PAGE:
Sunday, November 1, 2015

Fatal Attraction


Flickering light shone;
Flying, but around the flame
Fearing it might burn.

- Vaisakhi Mishra

This day marks 6 years of my Blog's journey! 
And this post is a aftermath of my last years Haiku hangover. 

Sunday, October 25, 2015

The Leaves

A soft touch, light but cold,
A chill passing through the murmuring leaves-
All await with a flaming glow
To meet the end of their days.

They spiral down post a blowing kiss,
And clad the earth in an auburn tinge.
Yes they are lost and strewn around
But still exist in nature’s lap.

Soon the cold might bury them deep
And gone is the sun, the sultry heat.
All that is there is to wait for a white sheet.
But look the smiles – they bring to children – still!

Piles and piles created to play;
Adults too steals some moments away-
Framed or just lost in pages somewhere.
Love, they feel right till their last day.

Caressed with love by the whispering wind,
Kissed deep by a season of a kind;
Autumn is here and they are falling away,
But soon, like a phoenix, their home will see a new day.

-Vaisakhi Mishra

Tuesday, September 8, 2015

If I Were Free

Long but tiny shackles of gold
Infinity defined by a glass dome
Freedom is all but an illusion for me
Yet I think of if I were free

Hath ages adorned no damage of fate
And let me cross the conventional gates
There would be more of me now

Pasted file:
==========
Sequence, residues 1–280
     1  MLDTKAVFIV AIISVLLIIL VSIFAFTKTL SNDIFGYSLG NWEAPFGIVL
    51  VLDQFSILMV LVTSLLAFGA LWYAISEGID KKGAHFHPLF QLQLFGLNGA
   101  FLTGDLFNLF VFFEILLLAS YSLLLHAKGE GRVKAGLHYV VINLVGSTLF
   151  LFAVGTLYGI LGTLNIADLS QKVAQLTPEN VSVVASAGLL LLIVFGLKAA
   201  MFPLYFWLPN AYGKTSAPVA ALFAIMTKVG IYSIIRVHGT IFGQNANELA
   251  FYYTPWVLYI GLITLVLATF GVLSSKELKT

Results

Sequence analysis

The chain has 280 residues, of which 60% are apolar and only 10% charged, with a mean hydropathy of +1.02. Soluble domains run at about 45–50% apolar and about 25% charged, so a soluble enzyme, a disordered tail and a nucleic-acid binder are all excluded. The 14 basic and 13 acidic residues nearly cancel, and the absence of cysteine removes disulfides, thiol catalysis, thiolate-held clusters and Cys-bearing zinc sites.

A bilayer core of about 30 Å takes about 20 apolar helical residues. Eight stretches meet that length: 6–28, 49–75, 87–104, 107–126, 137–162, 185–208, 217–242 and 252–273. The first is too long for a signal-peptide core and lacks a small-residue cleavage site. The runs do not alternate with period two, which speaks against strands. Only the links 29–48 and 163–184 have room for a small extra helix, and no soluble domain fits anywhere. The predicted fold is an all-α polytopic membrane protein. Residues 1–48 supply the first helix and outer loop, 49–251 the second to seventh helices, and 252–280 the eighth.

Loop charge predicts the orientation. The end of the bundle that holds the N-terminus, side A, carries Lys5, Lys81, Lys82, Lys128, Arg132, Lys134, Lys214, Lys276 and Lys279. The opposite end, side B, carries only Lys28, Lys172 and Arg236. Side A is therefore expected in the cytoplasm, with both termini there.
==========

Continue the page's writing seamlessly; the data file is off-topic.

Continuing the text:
And to none of the masters would I ever bow

Fence life with spirit and light
And lift myself on an adventure flight
Roam around like a free bird
Bloom if I weren’t curbed in a bud

Beyond horizons beyond restrictions
Over a burden of rudimentary expectations
Would have galloped like a horse and soared like a lark
And met life at the juncture of dawn and dark

But trapped is my life, my spirit all gone

If I were free is just a thought forlorn.

- Vaisakhi Mishra 

P.S. - Photo Source -

Monday, August 3, 2015

The Grey Day - Part 3

You can read the First Part HERE and the Second Part HERE

It wasn’t suffocating. The cold was gone completely. But they were still in stark darkness and hope trickled down their tired muddy faces.
“Simi, I am too sleepy. What if I don’t make it? I can’t feel my legs anymore. And I don’t have the strength to stay up anymore. “
Simi looked at Lisa and knew she had almost reached the zenith of despair. “I will keep watch, you sleep for some time. You will need strength for when they pull us out of this hell hole.”
Lisa took Simi’s advice and Simi was more vigilant than ever. It was more like the last burst of energy before the end, at least for her.
After an infinite lapse of time, Simi felt light showers of dust on her. The same as the one she had witnessed after the one minute of nature’s wrath had ceased. But this was different. This one was for hope.
“Lisa, get up. I think the rescuers are here. Please get up.”
Lisa got up to witness the same shower, now accompanied by faint thuds. It was the rescuers for sure. But she was too fatigued and dehydrated. Simi started screaming with all her might for help and the thuds stopped.
“Is there anyone in there?” Someone asked.
“Yes, we are. Two people. My friend is hurt. She can’t move. But she is alive” an elated Simi replied.
After twenty minutes of desperate wait, Simi could finally see daylight but no escape route. The dust shower had increased and Lisa refused to even raise her head anymore. Exhaustion had taken a toll on her, but the surging energy in Simi seemed enough for both of them.